36-hour fast #2

Almost 10 months to the day (I can’t believe it has been that long) and I decide to do another 36 hour fast (it is actually the month of Ramadan but I’m not participating on this occasion).

My fast went pretty much the same as last time with my last meal being on Friday evening, no food and only water throughout Saturday, until Sunday when I had lunch with my sister and nieces) although things have been different for me lately and since, compared to that fast back in July of 2018.

Firstly, a week ago I was on my way home from my cycling trip where I pedalled over 50 miles a day for 2.5 weeks on a bike loaded with camping gear. Since this was my second big trip of this nature I had taken on board things I had learned from the first about eating and recovery*. To that end I recovered quickly and I felt my body was in prime condition to handle a fast less that a week after my return.

*Mostly you have to pretty much recover after each day to be ready for the next but last time I struggled with switching back to normal eating and I suffered some issues.

I still had some fleeting hunger pangs on this Saturday of my fast, just like last time, but I went for my short morning run no bother. I had some sleepy moments during the day but keeping physically active (tidying the garden and strimming the lawn for example) helped keep the energy up. Sitting down and ‘stopping’, I knew, would make things difficult for myself, but I also managed to churn through some chapters in the book I’m reading, only a few times having to battle the desire to doze off in the sun (I don’t like napping, I feel it would only disrupt my bed time later).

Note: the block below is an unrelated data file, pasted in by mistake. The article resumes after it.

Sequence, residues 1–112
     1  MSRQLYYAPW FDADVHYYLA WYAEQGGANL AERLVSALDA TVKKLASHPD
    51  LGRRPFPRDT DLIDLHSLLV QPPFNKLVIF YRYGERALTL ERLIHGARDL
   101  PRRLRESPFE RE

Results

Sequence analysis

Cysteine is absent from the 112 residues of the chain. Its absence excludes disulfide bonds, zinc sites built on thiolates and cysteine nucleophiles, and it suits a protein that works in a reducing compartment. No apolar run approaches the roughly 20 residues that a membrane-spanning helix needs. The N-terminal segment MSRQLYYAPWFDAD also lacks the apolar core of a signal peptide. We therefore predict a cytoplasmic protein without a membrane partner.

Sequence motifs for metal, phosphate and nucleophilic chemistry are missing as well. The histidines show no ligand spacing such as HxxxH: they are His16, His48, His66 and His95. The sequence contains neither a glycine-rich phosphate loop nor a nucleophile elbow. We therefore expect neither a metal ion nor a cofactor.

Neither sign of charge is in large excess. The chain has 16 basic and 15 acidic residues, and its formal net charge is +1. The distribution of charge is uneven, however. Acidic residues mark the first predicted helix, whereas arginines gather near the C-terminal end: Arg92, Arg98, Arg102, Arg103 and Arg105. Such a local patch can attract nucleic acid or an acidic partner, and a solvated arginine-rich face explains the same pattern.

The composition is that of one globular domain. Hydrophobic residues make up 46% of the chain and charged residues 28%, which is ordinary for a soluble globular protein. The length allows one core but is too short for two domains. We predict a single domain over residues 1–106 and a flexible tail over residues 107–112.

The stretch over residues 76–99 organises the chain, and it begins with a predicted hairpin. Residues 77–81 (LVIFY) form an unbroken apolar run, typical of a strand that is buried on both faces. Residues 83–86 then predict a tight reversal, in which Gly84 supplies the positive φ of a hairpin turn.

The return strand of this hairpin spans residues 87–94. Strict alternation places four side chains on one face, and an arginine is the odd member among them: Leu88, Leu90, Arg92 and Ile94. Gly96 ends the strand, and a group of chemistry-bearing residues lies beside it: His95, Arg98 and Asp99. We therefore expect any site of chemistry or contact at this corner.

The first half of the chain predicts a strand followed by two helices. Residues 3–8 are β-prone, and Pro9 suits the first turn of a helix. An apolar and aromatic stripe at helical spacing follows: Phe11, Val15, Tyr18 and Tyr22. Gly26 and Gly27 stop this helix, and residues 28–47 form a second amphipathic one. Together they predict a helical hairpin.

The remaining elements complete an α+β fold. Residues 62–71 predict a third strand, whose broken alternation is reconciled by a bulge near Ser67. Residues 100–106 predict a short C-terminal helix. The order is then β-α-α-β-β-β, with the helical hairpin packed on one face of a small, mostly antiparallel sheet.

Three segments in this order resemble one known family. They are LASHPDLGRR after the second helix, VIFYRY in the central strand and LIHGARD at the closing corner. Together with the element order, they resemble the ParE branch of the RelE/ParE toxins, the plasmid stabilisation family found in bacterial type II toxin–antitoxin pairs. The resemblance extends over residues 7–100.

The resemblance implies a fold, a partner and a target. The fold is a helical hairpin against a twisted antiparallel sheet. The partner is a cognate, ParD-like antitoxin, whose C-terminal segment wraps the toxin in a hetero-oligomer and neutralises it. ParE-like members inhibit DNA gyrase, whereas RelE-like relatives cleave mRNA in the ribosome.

This time, compared to last, I’m pretty sure I felt like I had more energy. I believe that changes in my diet since the previous fast have assisted with this, namely that I eat less carbohydrates, opting for eggs (for their healthy fats and proteins) instead of multiple doses of porridge/oatmeal. I was convinced I overdid the porridge on my Scotland trip in 2016 leaving me with what I deduced were symptoms of pre-type-2-diabetes; the cure? Cut down on the carbs. Switching to fats means the body chooses that for its fuel source and when you then fast and the body has to turn to its own fat reserves for its fuel source it is better able to do this. This is what I have learned and my experiences reflect this. Switching to a more ketogenic diet keeps me far more stable, energy and emotionally-wise, since I’m not subjecting myself to the peaks and crashes of insulin so much. Whenever I see children ‘bouncing off the walls’ or being troublesome, it makes me think they could benefit from less sugar and carbs.